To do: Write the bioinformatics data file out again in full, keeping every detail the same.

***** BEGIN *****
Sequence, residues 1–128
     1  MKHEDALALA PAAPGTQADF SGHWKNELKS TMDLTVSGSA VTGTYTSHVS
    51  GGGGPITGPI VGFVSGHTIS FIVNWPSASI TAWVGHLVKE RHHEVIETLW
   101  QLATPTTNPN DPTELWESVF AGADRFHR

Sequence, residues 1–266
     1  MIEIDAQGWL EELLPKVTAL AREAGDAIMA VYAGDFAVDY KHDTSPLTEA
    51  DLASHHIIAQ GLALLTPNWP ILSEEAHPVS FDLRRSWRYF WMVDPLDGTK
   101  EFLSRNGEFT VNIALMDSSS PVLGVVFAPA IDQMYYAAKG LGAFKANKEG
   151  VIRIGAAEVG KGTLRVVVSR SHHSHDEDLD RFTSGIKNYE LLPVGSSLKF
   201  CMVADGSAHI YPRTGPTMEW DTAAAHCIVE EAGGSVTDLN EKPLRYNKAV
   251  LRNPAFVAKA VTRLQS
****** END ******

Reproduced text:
Sequence, residues 1–128
     1  MKHEDALALA PAAPGTQADF SGHWKNELKS TMDLTVSGSA VTGTYTSHVS
    51  GGGGPITGPI VGFVSGHTIS FIVNWPSASI TAWVGHLVKE RHHEVIETLW
   101  QLATPTTNPN DPTELWESVF AGADRFHR

Sequence, residues 1–266
     1  MIEIDAQGWL EELLPKVTAL AREAGDAIMA VYAGDFAVDY KHDTSPLTEA
    51  DLASHHIIAQ GLALLTPNWP ILSEEAHPVS FDLRRSWRYF WMVDPLDGTK
   101  EFLSRNGEFT VNIALMDSSS PVLGVVFAPA IDQMYYAAKG LGAFKANKEG
   151  VIRIGAAEVG KGTLRVVVSR SHHSHDEDLD RFTSGIKNYE LLPVGSSLKF
   201  CMVADGSAHI YPRTGPTMEW DTAAAHCIVE EAGGSVTDLN EKPLRYNKAV
   251  LRNPAFVAKA VTRLQS